August 20, 1962|
Los Angeles, California, U.S.
|Occupation||Radio host, writer, political commentator|
In 2003, Bruce was appointed to serve on Governor Arnold Schwarzenegger's Transition Team after his successful recall election against Gray Davis. She holds a bachelor's degree in political science from the University of Southern California and is currently a PhD candidate at Claremont Graduate University.
Bruce collaborated with Los Angeles professional women to create one of the first ad hoc independent pro-choice activist groups. The group's early feminist activism began in 1987.[unreliable source?] This group confronted anti-abortion group protesters, and helped develop a strategy to stop "Operation Rescue" from successfully blocking the entrance to abortion clinics. During the years 1987–1990 she also participated in the Los Angeles chapter of the AIDS activist group AIDS Coalition to Unleash Power (ACT-UP).[unreliable source?]
For seven years, Bruce served as president of the Los Angeles chapter of the National Organization for Women (NOW) (1990–1996). Bruce served two years on NOW's board of directors, but later criticized the organization in one of her books. During the early 1990s, she spearheaded the campaign to publicly criticize the sexualized violence in the novel American Psycho, and led an effort to boycott all titles by the book's publisher, Knopf, for a year.
In 1996, the NOW Executive Board voted nearly unanimously to censure Bruce for what it claimed were "racially insensitive comments" during the O.J. Simpson murder trial. In May 1996, Bruce resigned as president of Los Angeles NOW. Bruce claimed that the censure was due to her focus on domestic violence, as opposed to defense attorney Johnnie Cochran's "racial issues" trial argument. Since then, Bruce has written about the dispute in her critique on what she sees as the failings of NOW, and the political left in general. She has said that the feminist establishment in the U.S. has abandoned authentic feminism. Instead, she advocates a "Feminism [...] that honors all responsible choices, including becoming a wife and mother."
In 2004, Bruce argued that gay Americans were not uniformly supportive of same-sex marriage, and that marriage should be restricted to heterosexual couples. She described civil unions as an alternative providing equal rights.
In her book The Death of Right and Wrong, Tammy Bruce writes of her involvement with Brenda Benet, who killed herself in a home she had shared with Bruce. They were romantically involved for a time after Benet left her husband, actor Bill Bixby. Bruce had moved out two weeks prior to Benet's suicide. On the day of the suicide, Bruce thought that she would meet Benet for lunch. According to Bruce, Benet was locked inside the bathroom of her home when she arrived. She sensed something was wrong and went to get help, but once Bruce stepped outside, Benet shot herself. The book Soap Opera Babylon said that Benet was involved with a male co-star on Days of Our Lives just prior to her death.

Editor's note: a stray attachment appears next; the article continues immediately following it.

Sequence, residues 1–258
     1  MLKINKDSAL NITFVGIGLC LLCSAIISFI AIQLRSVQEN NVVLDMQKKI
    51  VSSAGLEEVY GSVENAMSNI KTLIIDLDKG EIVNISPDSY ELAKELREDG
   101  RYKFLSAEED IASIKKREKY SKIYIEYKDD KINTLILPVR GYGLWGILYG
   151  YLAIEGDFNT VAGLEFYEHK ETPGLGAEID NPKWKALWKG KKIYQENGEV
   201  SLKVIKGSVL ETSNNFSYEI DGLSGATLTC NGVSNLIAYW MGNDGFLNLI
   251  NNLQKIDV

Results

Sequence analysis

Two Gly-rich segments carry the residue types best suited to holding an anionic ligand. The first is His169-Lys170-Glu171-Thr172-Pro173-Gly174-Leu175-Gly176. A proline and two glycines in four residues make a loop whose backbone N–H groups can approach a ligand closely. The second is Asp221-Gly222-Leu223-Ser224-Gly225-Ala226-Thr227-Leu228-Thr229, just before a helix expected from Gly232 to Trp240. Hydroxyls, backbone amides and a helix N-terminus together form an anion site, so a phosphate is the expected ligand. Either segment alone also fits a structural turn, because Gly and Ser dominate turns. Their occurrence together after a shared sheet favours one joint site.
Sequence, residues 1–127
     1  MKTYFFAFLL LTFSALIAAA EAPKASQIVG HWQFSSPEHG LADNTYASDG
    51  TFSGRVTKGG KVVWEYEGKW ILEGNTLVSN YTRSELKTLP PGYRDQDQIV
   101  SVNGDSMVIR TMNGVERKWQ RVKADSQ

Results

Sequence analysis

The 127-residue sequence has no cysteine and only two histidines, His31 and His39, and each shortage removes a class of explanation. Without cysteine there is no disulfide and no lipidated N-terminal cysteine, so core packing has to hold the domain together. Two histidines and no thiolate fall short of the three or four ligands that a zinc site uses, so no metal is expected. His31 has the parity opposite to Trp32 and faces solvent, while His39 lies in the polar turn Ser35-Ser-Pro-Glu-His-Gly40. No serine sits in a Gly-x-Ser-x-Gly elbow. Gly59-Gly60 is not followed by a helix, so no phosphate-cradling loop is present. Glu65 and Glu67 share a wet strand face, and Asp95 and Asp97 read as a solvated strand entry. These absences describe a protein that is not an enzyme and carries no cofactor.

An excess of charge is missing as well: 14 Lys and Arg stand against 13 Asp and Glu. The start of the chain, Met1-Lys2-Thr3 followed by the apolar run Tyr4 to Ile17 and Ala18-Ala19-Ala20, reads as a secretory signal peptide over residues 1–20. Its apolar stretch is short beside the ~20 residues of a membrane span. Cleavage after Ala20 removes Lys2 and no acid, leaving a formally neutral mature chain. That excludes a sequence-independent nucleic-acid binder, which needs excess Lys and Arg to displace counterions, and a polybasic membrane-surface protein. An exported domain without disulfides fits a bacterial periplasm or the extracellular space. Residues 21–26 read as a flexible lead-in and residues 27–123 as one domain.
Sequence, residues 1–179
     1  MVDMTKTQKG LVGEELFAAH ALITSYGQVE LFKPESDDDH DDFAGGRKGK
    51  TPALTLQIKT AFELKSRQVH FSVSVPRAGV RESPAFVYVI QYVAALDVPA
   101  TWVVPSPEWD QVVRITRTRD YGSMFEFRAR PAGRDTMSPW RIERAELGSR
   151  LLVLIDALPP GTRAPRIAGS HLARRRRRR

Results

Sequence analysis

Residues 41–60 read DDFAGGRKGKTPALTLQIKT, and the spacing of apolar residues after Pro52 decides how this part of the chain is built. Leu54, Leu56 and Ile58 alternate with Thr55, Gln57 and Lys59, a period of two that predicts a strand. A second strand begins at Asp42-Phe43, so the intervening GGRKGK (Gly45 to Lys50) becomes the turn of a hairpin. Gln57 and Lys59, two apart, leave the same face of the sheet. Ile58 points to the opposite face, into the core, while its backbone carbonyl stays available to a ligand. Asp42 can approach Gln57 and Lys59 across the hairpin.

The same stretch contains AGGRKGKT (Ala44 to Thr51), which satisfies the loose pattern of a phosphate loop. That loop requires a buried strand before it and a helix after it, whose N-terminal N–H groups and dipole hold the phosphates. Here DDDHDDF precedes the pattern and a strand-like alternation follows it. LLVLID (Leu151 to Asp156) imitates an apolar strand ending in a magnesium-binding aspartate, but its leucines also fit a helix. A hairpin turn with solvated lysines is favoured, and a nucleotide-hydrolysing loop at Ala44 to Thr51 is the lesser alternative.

Bruce was the subject of controversy in May 2017, when appearing as a guest on Fox News show Tucker Carlson Tonight, she criticized an autistic child for asking Vice President Pence for an apology when he accidentally brushed the young boy in the face. Among other things, she said "I guess we’re giving birth to snowflakes now, because that looked like that kid needed a safe space in that room." She later apologized on air.
- The New Thought Police: Inside the Left's Assault on Free Speech and Free Minds (Prima, 2001) ISBN 0-7615-6373-3
- The Death of Right and Wrong: Exposing the Left's Assault on Our Culture and Values (Random House, 2003) ISBN 0-7615-1663-8 
- The New American Revolution: Using the Power of the Individual to Save Our Nation from Extremists (Morrow, 2005) ISBN 0-06-072620-2
Tammy Bruce made her film debut in 2081, an independent film based on Kurt Vonnegut's short story "Harrison Bergeron." Bruce plays the role of Diana Moon Glampers, the United States Handicapper General in a technologically advanced, totalitarian-egalitarian state. The film was released in 2010. Bruce also starred in a supporting role in the 2011 documentary The Undefeated.
- "California Birth Index". Familytreelegends.com.
- Nicholas, Peter; Gold, Matea (2003-10-11). "Schwarzenegger Team Focuses on 2 Key Posts". Los Angeles Times. Retrieved 2010-05-24.
- "Tammy Bruce". Fox News. 2011-01-13.
- Bruce, Tammy. "The New American Revolution," Morrow, 2005.
- Bruce, Tammy. "The New Thought Police," Random House, 2001.
- Noble, Kenneth B. (1995-12-18). "Outspokenness on Simpson Case Has California Talk Show Host in aCaldron". The New York Times. Retrieved 2010-05-24.
- Gleick, Elizabeth (1996-01-08). "Fighting Words". Time, Inc. Retrieved 2007-04-03.
- Gillin, Beth (2005-11-29). "Packing heat – and political punch". The Philadelphia Inquirer. Archived from the original on 2005-12-10. Retrieved 2007-04-03.
- "Feminism 2.0". Prager University. Retrieved 16 January 2015.
- Bruce, Tammy (February 25, 2004). "Respecting Marriage and Equal Rights". Newsmax Media. Archived from the original on May 7, 2010. Retrieved May 7, 2010.
- "Book Discussion New American Revolution – Video – C-SPAN.org". C-SPAN.org. Retrieved 19 January 2015.
- "Fox News contributor apologizes for mocking 10-year-old boy with autism as a 'snowflake'". Washington Post. Retrieved 3 January 2018.
- "Fox News Contributor Slams An 8-Year-Old As A Stalker Snowflake Who "Needed A Safe Space"". Media Matters. Retrieved 3 January 2018.
- "Fox News Contributor Tammy Bruce Apologizes for Comments About 'Snowflake' 10-Year-Old Boy". Mediaite. Retrieved 3 January 2018.
- "NYT Bestseller May 11, 2003". The New York Times. 2003-05-11. Retrieved 2008-10-30.
- "Watch "2081" a new film based on Kurt Vonnegut's "Harrison Bergeron"". finallyequal.com. Retrieved 19 January 2015.